And finally, I think that Mordecai’s counter-edict is a picture of the gospel. Haman’s law which threatened the Jews with death could not be revoked, but Mordecai’s law was more powerful and provided an escape. God’s law that “the soul who sins shall die” (Ez 18:20), restated by Paul as “the wages of sin is death” (Rom 6:23), has effectively sentenced all of humanity to destruction. And God is not going to revoke that law, which is perfectly good and just. Instead, he issues the counter-edict of the gospel. This edict states that “everyone who looks to the Son and believes in him shall have eternal life” (John 6:40). By bearing the penalty of our sin in his own body, Jesus took the full force of the first edict upon himself, in order that we may benefit from the provision of forgiveness and deliverance in the counter-edict.

Book Review – GodStories (Andrew Wilson)

After thoroughly enjoying Andrew Wilson’s previous book, Incomparable, I was very much looking forward to getting my hands on this one. In many ways, the format is very similar. There are lots of short three or four page chapters, each of which can be read standalone as a daily devotion. Interspersed throughout the book are “coffee breaks” which encourage you to reflect a while on what you have been learning.

The subject of GodStories is the gospel. The book presents the gospel as one big story, broken into lots of little stories. At first I thought this meant it would be a metanarrative type book, similar to Vaughan Robert’s God’s Big Picture, but although Wilson moves through the Bible in a roughly chronological manner, each of the little chapters is self-contained, and often draws out the New Testament fulfilment of the Old Testament stories immediately.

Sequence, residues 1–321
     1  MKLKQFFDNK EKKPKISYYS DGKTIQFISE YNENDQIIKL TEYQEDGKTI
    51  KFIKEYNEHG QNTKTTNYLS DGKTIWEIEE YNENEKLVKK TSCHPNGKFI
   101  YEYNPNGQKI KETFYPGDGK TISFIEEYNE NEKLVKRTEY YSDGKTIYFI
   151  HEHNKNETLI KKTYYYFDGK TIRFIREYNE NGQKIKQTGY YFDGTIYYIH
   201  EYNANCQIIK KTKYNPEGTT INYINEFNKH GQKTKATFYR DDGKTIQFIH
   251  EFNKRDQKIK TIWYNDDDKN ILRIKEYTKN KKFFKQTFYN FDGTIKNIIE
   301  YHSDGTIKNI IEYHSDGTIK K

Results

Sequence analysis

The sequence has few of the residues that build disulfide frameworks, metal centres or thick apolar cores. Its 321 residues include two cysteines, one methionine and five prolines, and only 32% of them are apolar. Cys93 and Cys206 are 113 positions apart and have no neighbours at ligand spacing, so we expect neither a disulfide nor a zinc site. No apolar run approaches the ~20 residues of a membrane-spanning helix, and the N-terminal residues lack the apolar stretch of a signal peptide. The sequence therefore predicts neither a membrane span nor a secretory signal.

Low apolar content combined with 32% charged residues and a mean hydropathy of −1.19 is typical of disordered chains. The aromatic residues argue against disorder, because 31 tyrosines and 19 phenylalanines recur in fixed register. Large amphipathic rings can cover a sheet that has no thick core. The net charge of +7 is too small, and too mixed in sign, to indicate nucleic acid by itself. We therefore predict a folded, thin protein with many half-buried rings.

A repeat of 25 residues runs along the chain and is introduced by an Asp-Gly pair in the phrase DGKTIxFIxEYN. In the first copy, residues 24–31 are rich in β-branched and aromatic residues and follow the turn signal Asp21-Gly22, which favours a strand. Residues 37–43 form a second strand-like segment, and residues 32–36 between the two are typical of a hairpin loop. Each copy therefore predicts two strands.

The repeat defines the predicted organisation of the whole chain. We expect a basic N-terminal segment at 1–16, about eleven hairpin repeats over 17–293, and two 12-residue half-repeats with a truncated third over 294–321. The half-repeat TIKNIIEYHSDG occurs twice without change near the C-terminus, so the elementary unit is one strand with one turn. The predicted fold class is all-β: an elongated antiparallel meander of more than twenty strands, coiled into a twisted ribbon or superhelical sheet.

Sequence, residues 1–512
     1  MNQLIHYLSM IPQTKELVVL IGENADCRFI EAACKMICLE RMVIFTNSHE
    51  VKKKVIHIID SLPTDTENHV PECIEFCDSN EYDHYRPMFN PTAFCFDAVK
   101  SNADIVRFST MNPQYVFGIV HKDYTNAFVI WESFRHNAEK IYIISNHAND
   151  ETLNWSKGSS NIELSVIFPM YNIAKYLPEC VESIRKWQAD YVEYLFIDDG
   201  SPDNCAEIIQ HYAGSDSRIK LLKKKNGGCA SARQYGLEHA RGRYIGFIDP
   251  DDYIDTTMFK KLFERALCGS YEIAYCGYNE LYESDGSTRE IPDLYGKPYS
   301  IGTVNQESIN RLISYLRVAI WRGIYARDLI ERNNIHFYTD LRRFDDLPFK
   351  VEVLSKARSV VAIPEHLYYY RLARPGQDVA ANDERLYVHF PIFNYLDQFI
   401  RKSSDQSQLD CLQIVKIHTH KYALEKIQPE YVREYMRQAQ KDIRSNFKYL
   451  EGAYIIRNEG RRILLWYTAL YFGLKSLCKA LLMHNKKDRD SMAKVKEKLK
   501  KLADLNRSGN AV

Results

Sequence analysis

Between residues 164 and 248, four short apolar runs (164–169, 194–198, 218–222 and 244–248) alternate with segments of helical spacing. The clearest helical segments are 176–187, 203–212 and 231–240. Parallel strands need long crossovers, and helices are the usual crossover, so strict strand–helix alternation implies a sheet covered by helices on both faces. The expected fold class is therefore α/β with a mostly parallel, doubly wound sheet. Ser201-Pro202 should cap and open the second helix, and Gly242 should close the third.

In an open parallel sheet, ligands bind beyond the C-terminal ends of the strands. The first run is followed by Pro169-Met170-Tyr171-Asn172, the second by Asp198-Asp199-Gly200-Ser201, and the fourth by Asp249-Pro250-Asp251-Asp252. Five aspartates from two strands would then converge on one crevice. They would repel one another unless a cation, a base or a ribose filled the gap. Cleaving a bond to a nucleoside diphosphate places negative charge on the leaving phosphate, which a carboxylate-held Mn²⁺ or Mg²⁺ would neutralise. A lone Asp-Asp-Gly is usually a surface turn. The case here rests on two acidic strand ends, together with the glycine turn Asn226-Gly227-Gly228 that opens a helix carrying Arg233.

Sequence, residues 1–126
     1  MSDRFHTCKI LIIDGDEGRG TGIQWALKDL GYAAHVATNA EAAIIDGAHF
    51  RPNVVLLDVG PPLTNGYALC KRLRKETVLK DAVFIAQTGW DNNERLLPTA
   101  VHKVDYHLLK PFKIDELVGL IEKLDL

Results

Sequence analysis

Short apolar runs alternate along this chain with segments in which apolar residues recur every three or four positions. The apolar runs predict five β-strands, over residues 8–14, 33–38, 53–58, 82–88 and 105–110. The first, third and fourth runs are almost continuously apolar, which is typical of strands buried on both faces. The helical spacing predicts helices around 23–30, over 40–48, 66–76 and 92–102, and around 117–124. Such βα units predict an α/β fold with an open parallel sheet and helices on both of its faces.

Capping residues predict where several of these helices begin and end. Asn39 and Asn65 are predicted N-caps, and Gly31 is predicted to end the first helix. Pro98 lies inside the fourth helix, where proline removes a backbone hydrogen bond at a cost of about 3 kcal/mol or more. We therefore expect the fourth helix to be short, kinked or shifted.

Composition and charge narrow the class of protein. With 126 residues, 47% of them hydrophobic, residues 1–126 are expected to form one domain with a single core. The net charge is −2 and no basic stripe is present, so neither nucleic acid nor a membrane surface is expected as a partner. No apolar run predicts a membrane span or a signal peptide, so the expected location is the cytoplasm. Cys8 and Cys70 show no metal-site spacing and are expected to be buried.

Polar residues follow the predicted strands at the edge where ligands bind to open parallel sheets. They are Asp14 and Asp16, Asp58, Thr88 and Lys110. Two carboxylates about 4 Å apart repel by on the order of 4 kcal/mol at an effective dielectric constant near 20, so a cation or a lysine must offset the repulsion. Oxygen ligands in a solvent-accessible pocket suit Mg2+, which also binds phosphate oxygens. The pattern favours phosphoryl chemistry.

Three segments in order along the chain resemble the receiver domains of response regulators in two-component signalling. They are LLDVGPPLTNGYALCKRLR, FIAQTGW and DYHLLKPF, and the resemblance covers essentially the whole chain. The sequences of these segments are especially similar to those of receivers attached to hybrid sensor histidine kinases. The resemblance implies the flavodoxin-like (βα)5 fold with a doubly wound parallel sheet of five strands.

As with Incomparable, the book is written in a way that will be very accessible to teens and twenties, with plenty of illustrations drawn from contemporary films and culture. The book is broken up into five “acts” (a nod to Tom Wright?), which are:

  1. Creation and Fall
  2. Israel and History
  3. Poets and Prophets
  4. Jesus and Rescue
  5. Restoration and Hope

As well as taking you through some of the main storyline of the Old Testament (creation, fall, flood, Abraham, tabernacle etc), he dips into the prophets, again making some of the big themes from these difficult biblical books very easy to grasp. A number of chapters echoed the emphases of Chris Wright in his superb “Mission of God” book. Also there are shades of Tom Wright as he highlights similarities in the rhetoric used by the Roman empire to describe the emperor to those used by Luke and other New Testament writers.

The longest Act, “Jesus and Rescue” features several chapters dealing with various aspects of the atonement. There is some excellent material here, and Wilson is not afraid to tackle some theological hot potatoes such as penal substitution and the New Perspective on Paul. Whilst the majority of this book is theologically non-controversial, he’s not afraid to let his distinctives show from time to time.